Although he only ever won one major tournament, ‘The Great W.T.’ has been one of the great characters of the game for the past twenty-five years. His bald head has become part of the snooker scene.
William Joseph Thorne was an outstanding junior and having only taken up the game at the age of 14, was National Under-16 champion at both snooker and billiards within two years. His parents ran a pub which had its own snooker table so he could play whenever he wanted. He won many more junior titles at both games and reached the final of the English Amateur championship in 1975 following which he turned professional.
Things did not come easy in the professional ranks and in his first ten years the only titles to come his way were the 1980 Pontins Open and the 1984 Pontins Professional. He did not win a match at the World Championships for the first six years he tried but in 1982 he reached the quarter-finals beating former champions, Terry Griffiths and John Spencer along the way, and setting the high break for that year, 143, the second best ever at that time. This was to prove to be the best he would do in this event although he did reach the same stage again in 1986.
In the early 1980s, with his family’s help, he set up the Willie Thorne Snooker Centre in Leicester, still one of the finest in the country. His form began to improve after that world quarter final and he entered the top 16 at the end of the 1982/83. He slipped back briefly but established himself in that elite group for an extended run from 1984/85.
Willie has become known as ‘The Maximum Man’ having, he claims, made more 147s in practice than any other player, including one with both legs in plaster!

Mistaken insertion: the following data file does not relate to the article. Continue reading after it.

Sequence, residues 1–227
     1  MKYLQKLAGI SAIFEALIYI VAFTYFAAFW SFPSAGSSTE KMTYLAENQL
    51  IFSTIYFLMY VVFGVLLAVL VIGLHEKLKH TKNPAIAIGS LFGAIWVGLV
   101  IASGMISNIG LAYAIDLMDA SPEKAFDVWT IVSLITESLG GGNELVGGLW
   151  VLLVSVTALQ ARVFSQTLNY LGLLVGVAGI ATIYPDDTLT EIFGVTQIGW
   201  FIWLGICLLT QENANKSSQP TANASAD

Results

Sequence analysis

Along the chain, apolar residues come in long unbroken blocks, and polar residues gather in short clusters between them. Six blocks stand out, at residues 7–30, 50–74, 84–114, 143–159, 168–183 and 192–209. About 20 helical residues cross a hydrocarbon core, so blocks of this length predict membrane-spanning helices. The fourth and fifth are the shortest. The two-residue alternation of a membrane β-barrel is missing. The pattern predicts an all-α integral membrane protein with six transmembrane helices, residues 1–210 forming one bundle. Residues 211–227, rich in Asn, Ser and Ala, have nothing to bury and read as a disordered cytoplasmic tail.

The figure is well into the hundreds but he has only made one in tournament play. That came in the 1987 UK championships.
His first ranking semi-final came in the 1983 Grand Prix and the following season he achieved his only victory in a ranking event when he beat his great friend, Cliff Thorburn, to win the 1985 Mercantile Credit Classic.
Earlier that season he had partnered Cliff in the World Doubles and they were runners up. Two more finals came the following season in the UK and the British Open. The first of these he feels he should have won having missed an easy blue at a critical stage against Steve Davis.
He was runner up in the Irish Maters twice in 1986 and 1987 but apart from wins in two non-ranking events in 1986/87, the Hong Kong Masters and the Matchroom Championship, it has been downhill ever since. However, now qualified as a ‘Senior’, he won the first World Seniors Masters in 2000.
Off the table Willie has always enjoyed a gamble and this, as well as tax matters, has caused him financial problems over the years. He continues to play the circuit and is in demand on all channels as a television commentator.
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